In between acts, the MC names people in the crowd who have given five or ten rupee donations. After each announcement the crowd claps and cheers. These are very poor peasants and the donations are small–less than 10 cents. But this is yet another way the masses support the people’s army and some of this money also goes to the families of revolutionary martyrs.

Toward the end of the program the team does an “opera”–a drama with singing in which a people’s army squad encounters the police, a fight breaks out and one comrade is killed. The songs are very moving and inspiring, full of sadness but also renewed determination. The fallen comrade’s body is draped in a red cloth with a hammer and sickle and carried off. Again I hear people in the crowd crying softly.

The program isn’t over until after 3:30 a.m. But everyone has stayed to the end.

Eliminating feudal culture and developing revolutionary culture is a big part of the People’s War. And the people’s army has cultural squads like this one all over Nepal. Cultural teams were an integral part of the party’s preparation before the initiation of armed struggle. And they continue to be an important way the party popularizes and spreads its line and program. In the heat of armed struggle new revolutionary culture is being developed–which educates, mobilizes and recruits the masses into the struggle.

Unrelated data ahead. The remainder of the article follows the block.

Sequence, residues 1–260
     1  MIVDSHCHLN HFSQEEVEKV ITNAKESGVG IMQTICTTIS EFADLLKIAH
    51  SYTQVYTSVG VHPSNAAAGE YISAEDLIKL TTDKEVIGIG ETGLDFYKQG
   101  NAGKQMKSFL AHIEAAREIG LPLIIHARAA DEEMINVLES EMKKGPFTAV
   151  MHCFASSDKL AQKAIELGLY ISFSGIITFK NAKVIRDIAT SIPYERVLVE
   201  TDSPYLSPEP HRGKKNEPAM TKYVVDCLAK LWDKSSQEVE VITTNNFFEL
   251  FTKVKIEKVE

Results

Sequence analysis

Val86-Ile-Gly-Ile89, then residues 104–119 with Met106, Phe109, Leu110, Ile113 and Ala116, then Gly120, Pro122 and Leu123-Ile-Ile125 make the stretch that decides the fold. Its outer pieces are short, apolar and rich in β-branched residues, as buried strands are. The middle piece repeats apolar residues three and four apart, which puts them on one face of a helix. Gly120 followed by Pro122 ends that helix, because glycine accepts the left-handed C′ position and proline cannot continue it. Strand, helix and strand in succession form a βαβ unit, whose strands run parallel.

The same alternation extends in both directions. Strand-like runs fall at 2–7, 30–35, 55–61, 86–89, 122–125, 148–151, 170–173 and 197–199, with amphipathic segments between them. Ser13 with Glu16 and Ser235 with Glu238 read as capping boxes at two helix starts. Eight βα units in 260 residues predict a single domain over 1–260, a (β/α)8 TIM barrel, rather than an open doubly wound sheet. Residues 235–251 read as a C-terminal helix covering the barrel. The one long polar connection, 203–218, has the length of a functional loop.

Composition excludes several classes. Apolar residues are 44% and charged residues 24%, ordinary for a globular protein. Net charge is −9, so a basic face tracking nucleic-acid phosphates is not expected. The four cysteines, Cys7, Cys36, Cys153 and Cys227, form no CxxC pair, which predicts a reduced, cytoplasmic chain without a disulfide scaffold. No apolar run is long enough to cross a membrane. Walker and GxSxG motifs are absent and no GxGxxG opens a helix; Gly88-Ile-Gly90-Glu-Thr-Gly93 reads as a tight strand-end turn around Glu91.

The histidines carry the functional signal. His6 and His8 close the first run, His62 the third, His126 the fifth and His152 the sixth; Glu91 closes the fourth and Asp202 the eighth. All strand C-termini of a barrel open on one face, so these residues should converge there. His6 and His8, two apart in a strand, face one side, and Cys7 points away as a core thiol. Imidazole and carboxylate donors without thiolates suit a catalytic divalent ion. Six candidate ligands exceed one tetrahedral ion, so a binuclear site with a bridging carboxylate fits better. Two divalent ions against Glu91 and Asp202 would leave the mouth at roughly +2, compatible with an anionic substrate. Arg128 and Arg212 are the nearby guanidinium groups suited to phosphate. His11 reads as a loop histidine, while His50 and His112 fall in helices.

The cultural squads travel from village to village putting on programs. And they also work in the fields with the peasants, participate in people’s power committees to settle disputes, and carry out armed actions against the police and other reactionaries. They’re constantly developing new songs, dances and skits. I notice that they all carry little dog-eared notebooks where they write down different songs and poems. And they’re constantly pulling them out and sharing them with each other. As I travel around the country I notice differences in the songs and dances. But I also recognize common themes and some songs that have managed to migrate from notebook to notebook and become standards.

Dangerous Arts